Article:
Acyclovir (ACV) is an effective antiviral agent for treating lytic Herpes Simplex virus, type 1 (HSV-1) infections, and it has dramatically reduced the mortality rate of herpes simplex encephalitis. However, HSV-1 resistance to ACV and its derivatives is being increasingly documented, particularly among immunocompromised individuals. The burgeoning drug resistance compels the search for a new generation of more efficacious anti-herpetic drugs. We have previously shown that trans-dihydrolycoricidine (R430), a lycorane-type alkaloid derivative, effectively inhibits HSV-1 infections in cultured cells. We now report that R430 also inhibits ACV-resistant HSV-1 strains, accompanied by global inhibition of viral gene transcription and enrichment of H3K27me3 methylation on viral gene promoters. Furthermore, we demonstrate that R430 prevents HSV-1 reactivation from latency in an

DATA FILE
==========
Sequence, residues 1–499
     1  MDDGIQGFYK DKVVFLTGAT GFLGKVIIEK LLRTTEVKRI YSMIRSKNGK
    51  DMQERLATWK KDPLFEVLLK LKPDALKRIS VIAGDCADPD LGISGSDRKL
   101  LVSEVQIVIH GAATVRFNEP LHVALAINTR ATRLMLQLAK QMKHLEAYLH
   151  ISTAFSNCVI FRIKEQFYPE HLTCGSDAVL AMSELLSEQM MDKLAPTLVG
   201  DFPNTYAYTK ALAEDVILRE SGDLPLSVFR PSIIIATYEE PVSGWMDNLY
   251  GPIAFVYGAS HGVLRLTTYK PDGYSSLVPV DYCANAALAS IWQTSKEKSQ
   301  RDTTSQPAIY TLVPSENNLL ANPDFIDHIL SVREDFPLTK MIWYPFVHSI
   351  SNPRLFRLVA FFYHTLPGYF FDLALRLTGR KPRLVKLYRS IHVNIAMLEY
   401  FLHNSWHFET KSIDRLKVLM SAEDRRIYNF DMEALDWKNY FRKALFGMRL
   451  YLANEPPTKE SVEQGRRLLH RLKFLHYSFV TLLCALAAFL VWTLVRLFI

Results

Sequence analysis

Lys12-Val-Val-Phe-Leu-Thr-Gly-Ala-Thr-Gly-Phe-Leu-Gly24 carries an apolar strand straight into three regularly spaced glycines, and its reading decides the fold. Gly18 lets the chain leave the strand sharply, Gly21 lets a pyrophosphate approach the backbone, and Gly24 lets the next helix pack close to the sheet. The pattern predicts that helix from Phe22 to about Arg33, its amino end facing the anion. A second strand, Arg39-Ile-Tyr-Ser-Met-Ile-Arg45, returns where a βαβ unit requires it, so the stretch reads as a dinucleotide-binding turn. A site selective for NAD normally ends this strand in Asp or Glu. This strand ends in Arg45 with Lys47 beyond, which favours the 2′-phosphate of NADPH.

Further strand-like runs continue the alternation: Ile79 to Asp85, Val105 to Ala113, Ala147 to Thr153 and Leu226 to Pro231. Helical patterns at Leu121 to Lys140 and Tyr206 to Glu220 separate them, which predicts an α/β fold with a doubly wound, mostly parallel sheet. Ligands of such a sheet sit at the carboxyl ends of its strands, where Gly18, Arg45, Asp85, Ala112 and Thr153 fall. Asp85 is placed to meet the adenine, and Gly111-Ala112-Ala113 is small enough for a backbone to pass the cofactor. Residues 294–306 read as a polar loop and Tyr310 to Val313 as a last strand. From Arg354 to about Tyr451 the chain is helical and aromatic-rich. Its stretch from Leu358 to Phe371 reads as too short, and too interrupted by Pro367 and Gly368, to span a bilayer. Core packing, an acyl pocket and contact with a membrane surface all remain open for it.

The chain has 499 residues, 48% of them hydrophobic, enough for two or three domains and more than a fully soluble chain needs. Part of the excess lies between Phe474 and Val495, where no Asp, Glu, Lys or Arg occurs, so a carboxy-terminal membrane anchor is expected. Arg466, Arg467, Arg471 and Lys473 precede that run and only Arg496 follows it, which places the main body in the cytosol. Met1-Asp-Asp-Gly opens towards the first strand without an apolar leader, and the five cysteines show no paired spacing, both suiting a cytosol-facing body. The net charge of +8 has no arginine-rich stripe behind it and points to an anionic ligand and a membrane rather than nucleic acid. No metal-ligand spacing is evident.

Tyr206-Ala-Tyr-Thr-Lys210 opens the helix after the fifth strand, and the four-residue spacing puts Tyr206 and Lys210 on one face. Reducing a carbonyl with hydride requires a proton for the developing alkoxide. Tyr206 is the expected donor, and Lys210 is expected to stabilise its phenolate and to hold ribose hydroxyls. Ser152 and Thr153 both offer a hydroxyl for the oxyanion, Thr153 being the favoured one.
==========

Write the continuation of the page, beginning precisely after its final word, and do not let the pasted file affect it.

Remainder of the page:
ex vivorodent model. Finally, among a panel of DNA viruses and RNA viruses, R430 inhibited Zika virus with high therapeutic index. Its therapeutic index is comparable to standard antiviral drugs, though it has greater toxicity in non-neuronal cells than in neuronal cells. Synthesis of additional derivatives could enable more efficacious antivirals and the identification of active pharmacophores.